Why Driving Awareness Isn't Enough (CogMar Process A)

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Want to accelerate your sales cycle and ensure long-term success for your business? Unpopular opinion: a new set of ads won't cut it.

Throughout the history of sales and marketing, brand awareness has been a critical focus for most marketers who understand that no sales and marketing campaign can be successful without driving awareness. And that's true, because how can buyers invest in a product or service whose brand they know nothing about? And how do you drive customers down the entire sales funnel without concrete awareness? 

The caveat: When a company focuses primarily on brand awareness in its marketing efforts, chances are that a lot of time, money, and effort goes to waste. Simply put, allocating most or all of your marketing spend towards early-stage efforts won't sustain your business. 

Awareness And Affinity Aren't The Same

It's safe to say that almost everyone knows about Amazon, Shopify, and Walmart. They're the world's leading e-commerce retail stores. But does that mean you want to partner with them? As a business or even a consumer, you know different brands exist out there, maybe others similar to Amazon and co. But you may not know anything about these brands. Or perhaps you do, but you don't like them. Or you had a bad experience the last time you made a purchase at any of them and would never go there again. 

As the cliché goes, people tend to buy from brands they know, like, and trust. So if your primary marketing focus is only on awareness, then sure, people will give you the "know" minus the like and trust.

Brand Awareness Alone Cannot Convert

Let's present you with one case scenario. Do you remember the Super Bowl ads, which run year in year out? There was the Radio Shack ad in 2014. In this ad, celebrated '80s icons Dee Snider and Erik Estrada stormed a Radio Shack store and gleefully turned it upside down. People still remember that ad several years later.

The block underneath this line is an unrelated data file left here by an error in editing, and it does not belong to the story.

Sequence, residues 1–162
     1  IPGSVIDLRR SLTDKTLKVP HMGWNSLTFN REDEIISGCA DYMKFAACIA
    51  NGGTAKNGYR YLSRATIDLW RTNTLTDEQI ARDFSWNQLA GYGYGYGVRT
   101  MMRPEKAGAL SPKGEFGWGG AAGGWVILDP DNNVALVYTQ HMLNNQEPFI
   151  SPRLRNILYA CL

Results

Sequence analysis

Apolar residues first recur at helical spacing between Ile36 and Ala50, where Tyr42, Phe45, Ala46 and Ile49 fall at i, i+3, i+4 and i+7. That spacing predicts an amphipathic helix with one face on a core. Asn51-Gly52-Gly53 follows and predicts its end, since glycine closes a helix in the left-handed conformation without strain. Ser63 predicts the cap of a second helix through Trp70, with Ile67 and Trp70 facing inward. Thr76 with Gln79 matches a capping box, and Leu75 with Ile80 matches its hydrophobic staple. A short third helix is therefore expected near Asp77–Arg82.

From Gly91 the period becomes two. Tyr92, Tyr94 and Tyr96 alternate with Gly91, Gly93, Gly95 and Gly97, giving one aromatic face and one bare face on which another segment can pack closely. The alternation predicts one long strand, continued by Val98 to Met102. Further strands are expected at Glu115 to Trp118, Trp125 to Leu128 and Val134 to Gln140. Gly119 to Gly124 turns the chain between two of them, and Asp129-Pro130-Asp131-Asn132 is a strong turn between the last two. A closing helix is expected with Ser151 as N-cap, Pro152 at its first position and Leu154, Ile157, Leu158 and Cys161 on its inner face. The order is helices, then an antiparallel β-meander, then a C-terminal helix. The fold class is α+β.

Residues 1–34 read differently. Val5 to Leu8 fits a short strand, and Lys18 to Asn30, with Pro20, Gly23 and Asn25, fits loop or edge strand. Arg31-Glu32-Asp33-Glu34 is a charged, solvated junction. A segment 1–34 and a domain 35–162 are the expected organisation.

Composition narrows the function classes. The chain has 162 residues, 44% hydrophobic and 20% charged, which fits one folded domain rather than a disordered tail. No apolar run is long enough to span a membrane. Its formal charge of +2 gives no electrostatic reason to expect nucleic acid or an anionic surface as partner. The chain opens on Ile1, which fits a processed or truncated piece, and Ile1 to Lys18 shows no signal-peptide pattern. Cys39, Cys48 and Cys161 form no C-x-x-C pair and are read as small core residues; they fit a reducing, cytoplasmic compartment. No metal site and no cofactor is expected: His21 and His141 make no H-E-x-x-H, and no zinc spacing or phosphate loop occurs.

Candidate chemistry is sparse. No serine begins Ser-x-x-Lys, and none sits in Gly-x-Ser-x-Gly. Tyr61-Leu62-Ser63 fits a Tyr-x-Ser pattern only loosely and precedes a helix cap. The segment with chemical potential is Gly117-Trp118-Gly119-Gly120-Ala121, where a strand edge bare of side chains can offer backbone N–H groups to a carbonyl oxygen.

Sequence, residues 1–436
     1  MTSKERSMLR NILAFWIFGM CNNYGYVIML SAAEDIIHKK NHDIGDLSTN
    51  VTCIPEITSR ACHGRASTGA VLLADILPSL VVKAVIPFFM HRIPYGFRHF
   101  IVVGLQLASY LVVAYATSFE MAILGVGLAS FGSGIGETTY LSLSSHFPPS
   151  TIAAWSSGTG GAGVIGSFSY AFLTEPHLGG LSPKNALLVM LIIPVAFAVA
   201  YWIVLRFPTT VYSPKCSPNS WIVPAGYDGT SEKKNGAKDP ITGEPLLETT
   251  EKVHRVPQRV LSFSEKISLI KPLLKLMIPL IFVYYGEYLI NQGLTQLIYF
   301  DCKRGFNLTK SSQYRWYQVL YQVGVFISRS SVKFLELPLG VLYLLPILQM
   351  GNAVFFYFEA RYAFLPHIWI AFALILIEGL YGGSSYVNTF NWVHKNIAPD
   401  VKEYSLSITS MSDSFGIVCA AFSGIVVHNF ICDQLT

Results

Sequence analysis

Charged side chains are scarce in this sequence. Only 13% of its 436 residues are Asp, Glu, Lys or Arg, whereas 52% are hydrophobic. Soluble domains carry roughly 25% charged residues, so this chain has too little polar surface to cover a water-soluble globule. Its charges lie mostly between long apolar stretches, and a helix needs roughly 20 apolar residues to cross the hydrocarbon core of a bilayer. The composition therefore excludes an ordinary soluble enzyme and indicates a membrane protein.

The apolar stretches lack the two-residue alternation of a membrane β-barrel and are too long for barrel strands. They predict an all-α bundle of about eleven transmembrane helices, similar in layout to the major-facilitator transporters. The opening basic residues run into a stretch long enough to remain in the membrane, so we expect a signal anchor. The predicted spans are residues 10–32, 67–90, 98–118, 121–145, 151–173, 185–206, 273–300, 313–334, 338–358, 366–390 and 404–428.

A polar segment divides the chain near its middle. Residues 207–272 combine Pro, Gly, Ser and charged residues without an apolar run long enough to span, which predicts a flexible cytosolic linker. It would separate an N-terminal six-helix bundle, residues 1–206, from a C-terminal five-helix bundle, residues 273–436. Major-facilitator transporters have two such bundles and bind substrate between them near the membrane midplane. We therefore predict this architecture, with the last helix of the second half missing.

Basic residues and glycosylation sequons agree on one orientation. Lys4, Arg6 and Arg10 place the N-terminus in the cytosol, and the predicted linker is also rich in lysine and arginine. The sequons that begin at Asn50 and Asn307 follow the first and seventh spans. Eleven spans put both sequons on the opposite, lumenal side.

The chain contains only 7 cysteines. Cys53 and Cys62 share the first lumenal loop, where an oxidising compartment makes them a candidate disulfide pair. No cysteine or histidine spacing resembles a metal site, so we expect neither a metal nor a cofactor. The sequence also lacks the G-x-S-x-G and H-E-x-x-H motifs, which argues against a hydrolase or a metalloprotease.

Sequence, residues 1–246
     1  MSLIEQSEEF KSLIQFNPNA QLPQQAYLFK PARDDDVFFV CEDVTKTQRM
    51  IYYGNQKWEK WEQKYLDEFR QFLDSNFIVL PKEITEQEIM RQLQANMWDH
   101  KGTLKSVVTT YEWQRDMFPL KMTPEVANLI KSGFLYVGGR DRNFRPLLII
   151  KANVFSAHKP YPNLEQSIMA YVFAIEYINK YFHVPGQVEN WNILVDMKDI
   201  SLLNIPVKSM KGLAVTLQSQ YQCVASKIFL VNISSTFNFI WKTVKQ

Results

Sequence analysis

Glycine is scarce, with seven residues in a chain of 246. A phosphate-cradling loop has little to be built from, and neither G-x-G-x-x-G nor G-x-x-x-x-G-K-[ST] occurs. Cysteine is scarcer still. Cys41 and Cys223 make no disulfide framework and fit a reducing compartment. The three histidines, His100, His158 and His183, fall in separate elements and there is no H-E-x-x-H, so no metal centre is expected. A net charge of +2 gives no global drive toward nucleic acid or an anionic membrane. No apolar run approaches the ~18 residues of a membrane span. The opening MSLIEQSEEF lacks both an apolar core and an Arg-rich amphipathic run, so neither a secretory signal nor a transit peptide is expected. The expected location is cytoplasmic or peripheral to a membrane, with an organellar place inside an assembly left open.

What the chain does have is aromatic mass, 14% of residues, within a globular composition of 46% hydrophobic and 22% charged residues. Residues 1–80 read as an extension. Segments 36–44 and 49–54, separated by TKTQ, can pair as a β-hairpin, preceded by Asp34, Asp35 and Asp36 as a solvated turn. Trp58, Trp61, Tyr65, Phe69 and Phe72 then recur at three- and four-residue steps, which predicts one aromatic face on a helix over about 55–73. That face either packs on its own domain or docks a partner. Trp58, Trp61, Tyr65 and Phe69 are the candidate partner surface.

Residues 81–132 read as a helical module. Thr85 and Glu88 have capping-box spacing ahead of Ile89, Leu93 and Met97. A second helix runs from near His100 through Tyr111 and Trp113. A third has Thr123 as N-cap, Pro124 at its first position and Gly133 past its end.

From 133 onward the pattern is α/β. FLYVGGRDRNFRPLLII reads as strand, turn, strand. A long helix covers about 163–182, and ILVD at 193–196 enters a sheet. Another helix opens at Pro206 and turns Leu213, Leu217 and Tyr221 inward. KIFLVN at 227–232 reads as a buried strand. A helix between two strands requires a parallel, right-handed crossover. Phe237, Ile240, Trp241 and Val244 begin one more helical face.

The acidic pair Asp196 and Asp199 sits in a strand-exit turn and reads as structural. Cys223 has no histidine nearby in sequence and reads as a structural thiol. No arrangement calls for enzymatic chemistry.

Besides stealing the show on game day, the ad was ranked among the top five in USA Today's Super Bowl AdMeter. The ad received massive airplay and comprehensive coverage with substantial viewership. 

Unfortunately, within a month after the Super Bowl, Radio Shack announced that it was shutting down about 20% of its stores which were over 1000+.  But that was just the tip of an iceberg.  Eventually, things went further south for Radio Shack.

So, what about awareness? They had plenty of that. But awareness wasn't enough to keep the business afloat. Just because consumers knew what Radio Shack was, it didn't mean they were motivated to purchase electronics solely from them - or from them at all.

My point? Success isn't when your marketing team drives more traffic to your website. Success is when your team enables the right, qualified, traffic to:

1) Become aware of how your brand has helped others with similar problems

2) Consider making a positive change versus sticking with the status quo

3) Imagine how their life would be different if they proceeded with making that change

4) How your brand, specifically, can help them get from their current state to their desired state

5) Commit to making the change

Aim For Success, Choose Behavioral Objectives

Long-term success is achieved when your marketing and sales efforts are aligned. In doing so, you'll pave a natural path for your prospects to experience the five steps above.

When done right, your marketing toolbox will be full of various tools to effect different behavioral objectives at each stage in your prospect's buying journey (also referred to as CDJ: the customer decision journey). 

Why Can't I Use the Same Tools Across the CDJ?

Great question. You can, but it won't resonate with your prospect's needs and motivations as they inevitably change throughout the journey.

To learn more, check out our blog post on why we guide our clients to a more effective budgeting model that considers the whole buying cycle. When marketing works with sales to learn and communicate what to do and when, you close more deals with less reliance on brute-force. 

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